PARIS (Reuters) – The French government is considering holding the final round of mayoral elections at the end of June or redoing the elections completely in January 2021, Prime Minister Edouard Philippe told all party leaders on Wednesday.
Out of the 35,000 cities, towns and villages that France counts, about 30,000 have already elected their mayor in the first round. But many French large cities are among the 5,000 remaining, including Paris, Lyon and Marseille.
Philippe said the elections could only be held at the end of June if conditions surrounding the coronavirus pandemic would allow it and that no final decision had been made, according to party leaders.
A postponement beyond July 1 would require cancelling the results of elections held in March for the cities that did not elect a mayor at the first round and organising a new ballot.
The first round was just two days before the start of a nationwide lockdown, to the bewilderment of many as Philippe then said the vote would go ahead even as he declared all cafes, bars, cinemas and non-essential shops would close until further notice.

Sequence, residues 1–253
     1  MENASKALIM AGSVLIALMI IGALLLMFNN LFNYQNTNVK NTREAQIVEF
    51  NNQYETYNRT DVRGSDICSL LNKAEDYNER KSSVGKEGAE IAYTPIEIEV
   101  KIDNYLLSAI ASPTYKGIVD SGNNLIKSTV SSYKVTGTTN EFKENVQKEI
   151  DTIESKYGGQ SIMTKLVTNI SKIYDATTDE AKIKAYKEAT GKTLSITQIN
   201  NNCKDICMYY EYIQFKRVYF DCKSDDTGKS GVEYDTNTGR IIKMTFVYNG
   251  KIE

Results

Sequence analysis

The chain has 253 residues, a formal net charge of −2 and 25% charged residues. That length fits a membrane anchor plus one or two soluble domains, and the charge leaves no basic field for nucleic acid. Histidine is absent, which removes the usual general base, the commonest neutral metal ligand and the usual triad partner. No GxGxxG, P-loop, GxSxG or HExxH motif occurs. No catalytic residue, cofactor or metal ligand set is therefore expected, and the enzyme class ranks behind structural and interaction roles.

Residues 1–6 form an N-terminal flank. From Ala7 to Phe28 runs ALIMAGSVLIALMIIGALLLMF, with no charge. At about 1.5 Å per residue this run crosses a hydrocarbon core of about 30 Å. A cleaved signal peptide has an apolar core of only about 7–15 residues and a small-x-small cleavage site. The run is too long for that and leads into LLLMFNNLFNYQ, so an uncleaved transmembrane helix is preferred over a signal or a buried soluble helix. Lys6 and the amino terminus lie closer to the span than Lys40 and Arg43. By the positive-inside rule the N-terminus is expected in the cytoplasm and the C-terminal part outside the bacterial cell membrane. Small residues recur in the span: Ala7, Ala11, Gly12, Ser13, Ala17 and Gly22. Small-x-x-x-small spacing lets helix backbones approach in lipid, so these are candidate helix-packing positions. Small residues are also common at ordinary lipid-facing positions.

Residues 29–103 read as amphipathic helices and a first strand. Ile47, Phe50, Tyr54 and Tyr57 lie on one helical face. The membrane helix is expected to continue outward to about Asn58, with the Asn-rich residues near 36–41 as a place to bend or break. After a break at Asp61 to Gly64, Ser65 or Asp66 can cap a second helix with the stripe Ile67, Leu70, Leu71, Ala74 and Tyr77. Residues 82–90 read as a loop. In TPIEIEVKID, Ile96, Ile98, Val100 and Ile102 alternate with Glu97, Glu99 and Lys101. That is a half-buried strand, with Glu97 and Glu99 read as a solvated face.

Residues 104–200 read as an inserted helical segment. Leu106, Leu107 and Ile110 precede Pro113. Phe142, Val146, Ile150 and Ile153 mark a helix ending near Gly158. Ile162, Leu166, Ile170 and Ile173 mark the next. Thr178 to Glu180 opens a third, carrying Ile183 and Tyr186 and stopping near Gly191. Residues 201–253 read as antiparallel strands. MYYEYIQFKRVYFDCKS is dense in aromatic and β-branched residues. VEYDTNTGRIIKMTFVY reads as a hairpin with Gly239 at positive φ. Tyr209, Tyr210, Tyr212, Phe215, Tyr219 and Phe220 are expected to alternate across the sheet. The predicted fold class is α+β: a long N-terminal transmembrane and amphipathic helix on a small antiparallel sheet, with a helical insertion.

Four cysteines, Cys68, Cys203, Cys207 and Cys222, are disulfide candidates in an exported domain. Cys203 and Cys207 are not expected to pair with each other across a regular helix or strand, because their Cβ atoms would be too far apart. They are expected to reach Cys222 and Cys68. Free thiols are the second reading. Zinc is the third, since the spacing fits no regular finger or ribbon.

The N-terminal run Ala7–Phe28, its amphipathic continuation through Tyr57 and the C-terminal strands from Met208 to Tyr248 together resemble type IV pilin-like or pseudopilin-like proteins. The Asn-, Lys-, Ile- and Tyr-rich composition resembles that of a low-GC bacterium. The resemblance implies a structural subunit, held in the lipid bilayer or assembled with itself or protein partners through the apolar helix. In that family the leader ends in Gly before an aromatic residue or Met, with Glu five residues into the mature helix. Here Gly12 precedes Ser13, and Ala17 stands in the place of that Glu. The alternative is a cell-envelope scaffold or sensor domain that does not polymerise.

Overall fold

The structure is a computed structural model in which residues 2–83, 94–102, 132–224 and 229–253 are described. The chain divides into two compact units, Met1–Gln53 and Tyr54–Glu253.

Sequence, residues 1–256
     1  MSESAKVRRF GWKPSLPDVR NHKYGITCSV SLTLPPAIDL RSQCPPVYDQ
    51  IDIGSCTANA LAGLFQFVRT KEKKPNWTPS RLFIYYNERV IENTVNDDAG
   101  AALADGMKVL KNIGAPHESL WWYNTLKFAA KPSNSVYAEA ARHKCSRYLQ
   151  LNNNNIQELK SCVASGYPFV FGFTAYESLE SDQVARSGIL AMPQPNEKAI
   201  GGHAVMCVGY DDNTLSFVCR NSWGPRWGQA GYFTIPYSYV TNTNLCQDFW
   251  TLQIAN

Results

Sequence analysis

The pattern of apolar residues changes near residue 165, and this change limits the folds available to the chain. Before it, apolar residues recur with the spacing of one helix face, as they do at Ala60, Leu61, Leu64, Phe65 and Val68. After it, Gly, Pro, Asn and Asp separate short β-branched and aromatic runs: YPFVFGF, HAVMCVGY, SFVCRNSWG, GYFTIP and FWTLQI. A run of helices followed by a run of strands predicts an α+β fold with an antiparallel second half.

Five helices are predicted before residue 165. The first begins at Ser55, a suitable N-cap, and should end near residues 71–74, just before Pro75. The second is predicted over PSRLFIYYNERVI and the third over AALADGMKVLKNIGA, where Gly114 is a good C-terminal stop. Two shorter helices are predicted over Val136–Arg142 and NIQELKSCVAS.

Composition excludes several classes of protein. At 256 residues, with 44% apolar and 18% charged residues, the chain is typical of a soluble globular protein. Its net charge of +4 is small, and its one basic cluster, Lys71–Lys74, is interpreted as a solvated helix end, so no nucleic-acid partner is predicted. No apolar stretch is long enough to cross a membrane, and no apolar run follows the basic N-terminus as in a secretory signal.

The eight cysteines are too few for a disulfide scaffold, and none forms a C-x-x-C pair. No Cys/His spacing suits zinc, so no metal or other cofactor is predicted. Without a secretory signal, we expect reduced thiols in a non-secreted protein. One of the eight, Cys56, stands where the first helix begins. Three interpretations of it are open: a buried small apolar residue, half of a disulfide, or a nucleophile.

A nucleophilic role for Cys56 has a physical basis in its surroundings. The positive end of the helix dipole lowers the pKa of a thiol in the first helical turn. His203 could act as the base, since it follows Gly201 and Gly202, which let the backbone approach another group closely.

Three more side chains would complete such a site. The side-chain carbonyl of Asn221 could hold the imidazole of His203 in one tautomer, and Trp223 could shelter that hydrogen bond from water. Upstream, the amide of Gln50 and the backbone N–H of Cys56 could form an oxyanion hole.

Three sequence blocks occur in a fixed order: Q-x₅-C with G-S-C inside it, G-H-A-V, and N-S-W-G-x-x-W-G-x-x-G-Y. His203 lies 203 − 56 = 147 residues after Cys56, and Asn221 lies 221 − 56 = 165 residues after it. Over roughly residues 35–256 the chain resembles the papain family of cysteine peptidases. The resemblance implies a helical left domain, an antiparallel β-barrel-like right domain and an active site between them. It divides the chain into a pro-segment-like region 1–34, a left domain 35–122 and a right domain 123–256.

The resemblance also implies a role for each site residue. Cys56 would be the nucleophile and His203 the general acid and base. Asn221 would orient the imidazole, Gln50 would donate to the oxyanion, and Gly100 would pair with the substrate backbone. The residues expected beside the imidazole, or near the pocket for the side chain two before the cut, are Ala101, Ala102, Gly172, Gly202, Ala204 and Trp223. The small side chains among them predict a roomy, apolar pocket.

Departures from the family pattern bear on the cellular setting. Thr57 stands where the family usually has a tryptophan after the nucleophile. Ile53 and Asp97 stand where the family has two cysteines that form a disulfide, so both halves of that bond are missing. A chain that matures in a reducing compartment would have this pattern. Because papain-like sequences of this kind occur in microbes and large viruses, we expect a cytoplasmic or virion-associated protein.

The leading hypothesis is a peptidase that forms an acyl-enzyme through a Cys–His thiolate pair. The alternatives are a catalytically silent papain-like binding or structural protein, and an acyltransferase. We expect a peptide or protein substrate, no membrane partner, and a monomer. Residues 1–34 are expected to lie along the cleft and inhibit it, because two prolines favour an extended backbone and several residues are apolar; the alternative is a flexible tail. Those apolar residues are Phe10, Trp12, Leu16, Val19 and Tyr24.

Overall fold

France is the world’s fourth worst-hit country in terms of deaths from the novel coronavirus. Its lockdown started to ease last week.
“The majority of the participants are in favour of a ballot on 28 June,” the head of centrist UDI party Jean-Christophe Lagarde told Reuters, asking for a postponement of the vote to 2021.
The organisation of a second round at the end of June “is the preferred option, it seems,” said Socialist Party leader Olivier Faure.
(Reporting by Elizabeth Pineau; Writing by Mathieu Rosemain; editing by Grant McCool)